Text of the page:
Senator Rand Paul filibustered yesterday for 13 hours against John “Drone Man” Brennan’s nomination to run the CIA. This outraged the Wall Street Journal.
Give Rand Paul credit for theatrical timing. As a snow storm descended on Washington, the Kentucky Republican’s old-fashioned filibuster Wednesday filled the attention void on Twitter and cable TV. If only his reasoning matched the showmanship.
It was great showmanship indeed. He delayed the nomination. He also got enormous national publicity for a key issue: a statement by Attorney General Eric “Fast and Furious” Holder that he sees no reason why drones should not be used to kill Americans inside the borders of the United States.
The Wall Street Journal sides with Holder.
Holder tried to weasel out of the government’s position.
Senator Paul had written the White House to inquire about the possibility of a drone strike against a U.S. citizen on American soil. Attorney General Eric Holder replied that the U.S. hasn’t and “has no intention” to bomb any specific territory. Drones are limited to the remotest areas of conflict zones like Pakistan and Yemen. But as a hypothetical Constitutional matter, Mr. Holder acknowledged the President can authorize the use of lethal military force within U.S. territory.
The Journal is unconcerned. It’s all a tempest in a tea pot, we are assured.
Calm down, Senator. Mr. Holder is right, even if he doesn’t explain the law very well. The U.S. government cannot randomly target American citizens on U.S. soil or anywhere else. What it can do under the laws of war is target an “enemy combatant” anywhere at anytime, including on U.S. soil. This includes a U.S. citizen who is also an enemy combatant. The President can designate such a combatant if he belongs to an entity—a government, say, or a terrorist network like al Qaeda—that has taken up arms against the United States as part of an internationally recognized armed conflict.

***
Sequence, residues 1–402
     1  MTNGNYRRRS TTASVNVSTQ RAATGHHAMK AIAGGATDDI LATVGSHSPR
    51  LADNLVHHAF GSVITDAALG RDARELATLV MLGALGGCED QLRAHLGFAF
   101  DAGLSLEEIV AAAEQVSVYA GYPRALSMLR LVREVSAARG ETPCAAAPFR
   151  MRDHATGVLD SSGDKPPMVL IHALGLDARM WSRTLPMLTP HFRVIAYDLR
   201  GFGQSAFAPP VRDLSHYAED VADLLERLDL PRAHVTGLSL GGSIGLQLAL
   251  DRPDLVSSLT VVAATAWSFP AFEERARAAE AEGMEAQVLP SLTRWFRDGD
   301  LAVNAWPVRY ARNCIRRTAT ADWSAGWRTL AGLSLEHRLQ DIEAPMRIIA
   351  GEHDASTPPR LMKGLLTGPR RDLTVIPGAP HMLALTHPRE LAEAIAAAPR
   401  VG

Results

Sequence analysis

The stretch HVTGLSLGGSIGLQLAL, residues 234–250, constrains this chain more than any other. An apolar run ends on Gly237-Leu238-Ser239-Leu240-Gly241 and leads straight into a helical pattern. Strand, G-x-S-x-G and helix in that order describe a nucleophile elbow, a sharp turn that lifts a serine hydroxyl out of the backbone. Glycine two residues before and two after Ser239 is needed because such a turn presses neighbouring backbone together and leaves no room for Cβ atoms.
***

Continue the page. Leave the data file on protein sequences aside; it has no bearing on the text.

Who decides who is to get himself “droned”? The President. To whom does he answer? Nobody. Who is to say who is guilty or innocent? The President. What if he’s wrong? Tough bananas.
Such a conflict exists between the U.S. and al Qaeda, so Mr. Holder is right that the U.S. could have targeted (say) U.S. citizen Anwar al-Awlaki had he continued to live in Virginia. The U.S. killed him in Yemen before he could kill more Americans. But under the law Awlaki was no different than the Nazis who came ashore on Long Island in World War II, were captured and executed.
No different? Really? Those spies were captured, tried, and executed. Not all of them were executed. The government appointed seven generals to try the case in a military court. (The accused had initially come ashore in military uniforms.) There were 3,000 pages of trial transcripts. Two of the eight were given prison sentences. They were released early.
Yet the supercilious writer for the Wall Street Journal insisted that there is no difference between this and the President’s ordering an assassination by a drone — a drone that will probably kill innocent bystanders, as American drones usually do in the Middle East.
Wedding party, anyone? Watch your invitation list. It could be a killer. It is in Pakistan.
Yet the supercilious hack who wrote the editorial thinks he scored big.
The Wall Street Journal, compared to the influence of Matt Drudge, is a backwater. Here was Drudge’s lead headline this morning.
The Wall Street Journal is an Establishment outlet. Its influence, minimal now, will fade.
Four decades ago, I wrote book reviews for the Journal. It was an influential newspaper back then. Today, it is a struggling shell of its former self. It has not brought its paper-based profits with it in the transition to digital. For this, we should rejoice.